Miller (Univ. of Michigan Law School; Eye for an Eye, 2005, etc.) makes the case that old age is indeed a bummer.
Following on his previous examinations of the human condition, Humiliation (1993) and The Anatomy of Disgust (1997), the author’s disdain for protestations that with age comes wisdom and greater happiness is understandable if not necessarily appealing. He addresses himself particularly to those who do not “suffer from incurable positive thinking and its attendant imbecility” and expresses contempt for “so-called positive psychology.” The author, now in his mid 60s, gives an admittedly exaggerated account of his own slowing down, memory loss and distractibility with what some readers may find distressing detail, but he includes some great quips along with his grumpy complaints. Describing what he means by “losing it” with the onset of old age, he writes that “the process of losing it [is] more drawn out ... [than losing] a cell phone or virginity, each of which can be lost in mere seconds of thoughtfulness.” In his opinion, research claiming that old folks are happier as they age simply corroborates his theory that the elderly have lost the capacity to judge. Making a minor concession, he suggests that perhaps “the modest pleasure…of having gotten through it all [can be] akin to the pleasure of no longer banging your head against the wall.”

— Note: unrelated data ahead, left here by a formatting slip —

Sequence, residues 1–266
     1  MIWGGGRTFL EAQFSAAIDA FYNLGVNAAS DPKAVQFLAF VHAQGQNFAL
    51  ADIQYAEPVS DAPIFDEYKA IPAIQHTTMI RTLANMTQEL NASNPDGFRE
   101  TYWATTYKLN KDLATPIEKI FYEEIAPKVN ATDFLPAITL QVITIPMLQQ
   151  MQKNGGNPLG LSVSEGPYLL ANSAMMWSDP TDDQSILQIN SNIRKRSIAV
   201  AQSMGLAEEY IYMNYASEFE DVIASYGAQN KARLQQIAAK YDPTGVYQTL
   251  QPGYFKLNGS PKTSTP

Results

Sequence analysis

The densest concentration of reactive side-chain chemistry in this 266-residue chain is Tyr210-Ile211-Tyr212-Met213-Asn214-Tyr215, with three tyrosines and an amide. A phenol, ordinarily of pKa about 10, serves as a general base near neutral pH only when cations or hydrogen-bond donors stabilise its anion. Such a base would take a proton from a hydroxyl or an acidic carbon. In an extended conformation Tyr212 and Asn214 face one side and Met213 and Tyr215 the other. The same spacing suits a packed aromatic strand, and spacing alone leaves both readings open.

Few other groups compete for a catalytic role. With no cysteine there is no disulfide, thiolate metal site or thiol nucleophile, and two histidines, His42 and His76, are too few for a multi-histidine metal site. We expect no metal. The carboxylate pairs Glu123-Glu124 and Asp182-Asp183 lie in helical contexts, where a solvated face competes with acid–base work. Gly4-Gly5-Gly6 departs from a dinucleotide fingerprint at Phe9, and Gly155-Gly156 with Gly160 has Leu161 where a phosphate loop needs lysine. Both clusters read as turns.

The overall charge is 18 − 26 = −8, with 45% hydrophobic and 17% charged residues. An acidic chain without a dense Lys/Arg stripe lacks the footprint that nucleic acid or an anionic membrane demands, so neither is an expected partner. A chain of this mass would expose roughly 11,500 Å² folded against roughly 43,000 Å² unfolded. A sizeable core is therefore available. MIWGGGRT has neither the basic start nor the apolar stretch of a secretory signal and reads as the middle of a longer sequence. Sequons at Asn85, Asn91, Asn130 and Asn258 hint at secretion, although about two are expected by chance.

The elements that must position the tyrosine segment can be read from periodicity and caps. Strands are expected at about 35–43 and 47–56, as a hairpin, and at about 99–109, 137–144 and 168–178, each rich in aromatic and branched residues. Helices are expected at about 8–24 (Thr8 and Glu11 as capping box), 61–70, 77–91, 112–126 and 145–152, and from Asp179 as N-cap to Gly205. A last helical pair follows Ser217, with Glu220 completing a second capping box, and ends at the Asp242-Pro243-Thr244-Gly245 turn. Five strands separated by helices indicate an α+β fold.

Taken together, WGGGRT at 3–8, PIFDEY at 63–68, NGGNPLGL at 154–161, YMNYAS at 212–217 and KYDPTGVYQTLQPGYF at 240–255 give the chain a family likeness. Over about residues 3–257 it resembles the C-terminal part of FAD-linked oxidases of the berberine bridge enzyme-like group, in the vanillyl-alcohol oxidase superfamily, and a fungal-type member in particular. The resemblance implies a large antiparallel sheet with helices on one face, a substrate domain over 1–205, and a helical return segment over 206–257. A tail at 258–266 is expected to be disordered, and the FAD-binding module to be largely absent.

A nice combination of acerbic wit and erudition—the perfect complement to Susan Jacoby’s Never Say Die (2011).